It’s been awhile since we’ve blogged about the fingerprint battle between ride-sharing giants and several local governments, but it is still raging. Both Uber and Lyft have announced they will soon be pulling out of Austin, Texas because the City Council passed an ordinance requiring drivers to undergo fingerprint-based background checks by February 2017. Voters recently backed them up by passing Proposition One with 56% in favor of requiring fingerprinting.
The ride-sharing companies have long espoused the same position as background screeners when it comes to relying on fingerprint databases for criminal background checks. That position is that fingerprint searches are not the “gold standard” that lawmakers believe them to be.
Fingerprint-based searches rely on incomplete and often out of date information that has to be supplied from all the states and municipalities. According to the Government Accountability Office (GAO) there are still huge gaps, and at least 10 states have final dispositions for less than 50% of all the cases on the books. That means an employer relying on fingerprints for a criminal background check could get very faulty results by relying on this method alone.
Uber and Lyft already partner with professional third-party background screeners to do their pre-employment checks. If those providers are accredited with the National Association of Professional Background Screeners (NAPBS), as EBI is, then they likely conduct very thorough background checks that give well-rounded pictures of each applicant. These searches would also have to comply with the Fair Credit Reporting Act, which protects the applicant in several ways.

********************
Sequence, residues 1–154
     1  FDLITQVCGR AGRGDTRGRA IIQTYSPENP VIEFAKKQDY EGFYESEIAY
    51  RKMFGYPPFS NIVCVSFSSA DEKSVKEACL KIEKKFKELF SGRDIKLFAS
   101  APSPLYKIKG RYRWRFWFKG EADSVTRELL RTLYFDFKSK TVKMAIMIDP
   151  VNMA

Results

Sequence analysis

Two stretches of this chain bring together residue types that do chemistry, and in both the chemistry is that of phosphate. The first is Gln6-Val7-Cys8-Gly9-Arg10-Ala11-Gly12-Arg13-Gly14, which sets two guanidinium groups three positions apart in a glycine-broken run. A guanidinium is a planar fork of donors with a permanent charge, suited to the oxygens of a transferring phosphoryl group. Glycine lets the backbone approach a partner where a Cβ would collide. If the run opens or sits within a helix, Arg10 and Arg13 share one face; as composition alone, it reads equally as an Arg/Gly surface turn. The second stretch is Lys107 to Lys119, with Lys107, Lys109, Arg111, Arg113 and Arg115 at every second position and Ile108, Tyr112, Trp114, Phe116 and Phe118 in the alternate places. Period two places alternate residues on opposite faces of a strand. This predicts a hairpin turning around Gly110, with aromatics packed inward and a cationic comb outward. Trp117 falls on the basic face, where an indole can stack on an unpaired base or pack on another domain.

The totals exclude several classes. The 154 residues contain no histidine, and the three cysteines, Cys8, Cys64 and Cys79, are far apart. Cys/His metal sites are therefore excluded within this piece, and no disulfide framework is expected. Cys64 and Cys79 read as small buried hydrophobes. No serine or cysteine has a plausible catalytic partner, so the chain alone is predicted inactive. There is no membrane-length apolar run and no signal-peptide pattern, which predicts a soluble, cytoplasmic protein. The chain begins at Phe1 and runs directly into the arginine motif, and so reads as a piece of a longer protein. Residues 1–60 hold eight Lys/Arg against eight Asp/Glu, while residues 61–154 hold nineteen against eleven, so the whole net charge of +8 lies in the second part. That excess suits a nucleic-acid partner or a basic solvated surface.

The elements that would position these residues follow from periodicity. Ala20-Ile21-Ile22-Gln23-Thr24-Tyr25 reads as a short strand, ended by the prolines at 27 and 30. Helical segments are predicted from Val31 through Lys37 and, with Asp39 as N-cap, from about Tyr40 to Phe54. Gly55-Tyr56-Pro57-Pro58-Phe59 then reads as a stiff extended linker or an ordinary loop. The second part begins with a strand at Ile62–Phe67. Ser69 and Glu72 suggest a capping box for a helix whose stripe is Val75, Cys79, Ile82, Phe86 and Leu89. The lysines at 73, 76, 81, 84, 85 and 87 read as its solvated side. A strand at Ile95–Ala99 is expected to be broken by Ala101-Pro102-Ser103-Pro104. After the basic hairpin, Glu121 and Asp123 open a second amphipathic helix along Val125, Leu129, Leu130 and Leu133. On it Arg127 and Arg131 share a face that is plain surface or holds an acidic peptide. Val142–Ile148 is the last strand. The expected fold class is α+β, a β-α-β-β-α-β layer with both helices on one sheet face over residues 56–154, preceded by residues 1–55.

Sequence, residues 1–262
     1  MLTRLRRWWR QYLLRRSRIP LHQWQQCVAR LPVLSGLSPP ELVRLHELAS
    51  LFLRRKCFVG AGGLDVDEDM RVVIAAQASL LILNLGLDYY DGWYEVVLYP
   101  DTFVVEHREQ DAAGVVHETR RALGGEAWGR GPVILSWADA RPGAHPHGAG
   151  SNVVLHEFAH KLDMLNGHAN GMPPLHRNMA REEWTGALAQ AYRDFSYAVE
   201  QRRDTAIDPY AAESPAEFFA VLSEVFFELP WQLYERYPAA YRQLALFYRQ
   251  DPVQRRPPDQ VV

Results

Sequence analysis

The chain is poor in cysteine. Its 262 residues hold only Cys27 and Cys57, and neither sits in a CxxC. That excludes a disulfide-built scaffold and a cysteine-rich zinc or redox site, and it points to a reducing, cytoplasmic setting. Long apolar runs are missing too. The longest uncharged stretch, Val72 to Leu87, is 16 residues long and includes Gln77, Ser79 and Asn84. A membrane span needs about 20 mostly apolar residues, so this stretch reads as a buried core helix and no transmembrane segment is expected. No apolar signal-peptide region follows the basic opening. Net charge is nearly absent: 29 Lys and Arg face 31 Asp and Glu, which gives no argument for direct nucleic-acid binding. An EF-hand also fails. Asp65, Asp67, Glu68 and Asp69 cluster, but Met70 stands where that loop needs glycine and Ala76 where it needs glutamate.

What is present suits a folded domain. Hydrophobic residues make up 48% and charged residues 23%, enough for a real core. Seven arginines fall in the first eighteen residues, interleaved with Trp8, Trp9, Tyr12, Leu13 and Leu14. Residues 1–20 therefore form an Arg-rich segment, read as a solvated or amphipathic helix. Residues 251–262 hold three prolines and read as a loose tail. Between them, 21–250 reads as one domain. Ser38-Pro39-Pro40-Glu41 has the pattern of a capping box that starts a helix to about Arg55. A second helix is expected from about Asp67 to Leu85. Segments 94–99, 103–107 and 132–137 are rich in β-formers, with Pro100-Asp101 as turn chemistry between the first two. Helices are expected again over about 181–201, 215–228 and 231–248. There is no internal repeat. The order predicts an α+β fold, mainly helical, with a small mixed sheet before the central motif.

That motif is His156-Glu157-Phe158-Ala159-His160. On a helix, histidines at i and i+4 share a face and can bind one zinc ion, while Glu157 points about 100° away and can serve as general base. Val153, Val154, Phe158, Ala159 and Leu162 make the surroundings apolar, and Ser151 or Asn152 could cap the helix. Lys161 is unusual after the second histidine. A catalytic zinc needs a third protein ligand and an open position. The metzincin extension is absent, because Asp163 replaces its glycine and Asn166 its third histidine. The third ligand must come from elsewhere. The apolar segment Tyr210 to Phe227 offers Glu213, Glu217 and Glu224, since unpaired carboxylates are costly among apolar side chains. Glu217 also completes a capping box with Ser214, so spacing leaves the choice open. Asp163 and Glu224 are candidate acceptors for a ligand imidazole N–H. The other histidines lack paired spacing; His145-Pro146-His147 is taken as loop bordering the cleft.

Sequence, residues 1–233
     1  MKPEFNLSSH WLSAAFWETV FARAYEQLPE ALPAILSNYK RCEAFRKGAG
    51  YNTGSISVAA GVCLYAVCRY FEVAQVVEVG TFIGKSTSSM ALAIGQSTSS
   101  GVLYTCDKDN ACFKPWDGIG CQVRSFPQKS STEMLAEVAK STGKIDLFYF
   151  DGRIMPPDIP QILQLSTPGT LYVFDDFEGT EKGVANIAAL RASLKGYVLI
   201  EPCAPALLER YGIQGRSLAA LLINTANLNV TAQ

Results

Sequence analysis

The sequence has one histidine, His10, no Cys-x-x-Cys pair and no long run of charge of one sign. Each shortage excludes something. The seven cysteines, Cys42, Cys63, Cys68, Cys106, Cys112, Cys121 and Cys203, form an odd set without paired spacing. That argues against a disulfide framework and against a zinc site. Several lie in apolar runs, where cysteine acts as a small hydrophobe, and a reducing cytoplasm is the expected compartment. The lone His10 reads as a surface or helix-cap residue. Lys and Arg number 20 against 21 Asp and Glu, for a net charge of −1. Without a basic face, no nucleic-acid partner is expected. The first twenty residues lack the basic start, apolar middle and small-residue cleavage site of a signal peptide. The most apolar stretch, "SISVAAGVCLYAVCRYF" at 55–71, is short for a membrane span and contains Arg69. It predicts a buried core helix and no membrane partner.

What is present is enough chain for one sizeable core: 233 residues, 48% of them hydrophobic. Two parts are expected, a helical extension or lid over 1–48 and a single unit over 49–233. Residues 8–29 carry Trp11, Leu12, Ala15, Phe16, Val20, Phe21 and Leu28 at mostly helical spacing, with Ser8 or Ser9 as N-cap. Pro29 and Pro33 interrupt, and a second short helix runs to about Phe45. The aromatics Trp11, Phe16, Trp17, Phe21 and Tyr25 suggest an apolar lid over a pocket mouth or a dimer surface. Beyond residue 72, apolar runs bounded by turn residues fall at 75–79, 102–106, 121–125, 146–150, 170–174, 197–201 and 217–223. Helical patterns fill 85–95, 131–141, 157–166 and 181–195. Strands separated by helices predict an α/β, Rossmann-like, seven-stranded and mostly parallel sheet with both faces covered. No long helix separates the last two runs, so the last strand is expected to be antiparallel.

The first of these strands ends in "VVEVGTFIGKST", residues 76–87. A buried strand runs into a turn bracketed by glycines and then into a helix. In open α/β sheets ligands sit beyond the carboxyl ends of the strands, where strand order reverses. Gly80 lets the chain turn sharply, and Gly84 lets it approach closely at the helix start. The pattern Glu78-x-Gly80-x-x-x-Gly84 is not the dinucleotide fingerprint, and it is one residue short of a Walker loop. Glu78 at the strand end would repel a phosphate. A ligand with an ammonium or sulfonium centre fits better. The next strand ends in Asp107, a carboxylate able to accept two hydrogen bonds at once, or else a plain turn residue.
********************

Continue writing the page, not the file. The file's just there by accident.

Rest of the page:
This is one of the topics NAPBS addressed on Capitol Hill earlier this spring. Members showed lawmakers statistics on the fingerprint database’s shortcomings and asked that any new legislation drafted include the option to substitute a thorough background screen from a Consumer Reporting Agency (CRA).
Austin City Councilwoman Ann Kitchen claims the city would still like to see Uber and Lyft stay, but says they must respect the will of the voters. But why was this question even put to the voters? How many of these voters understand what a fingerprint check really does, or the huge limitations inherent in the system? Now, this young, vibrant city-on-the- move will be a little less accessible simply because voters thought fingerprinting sounded good. Kind of a shame.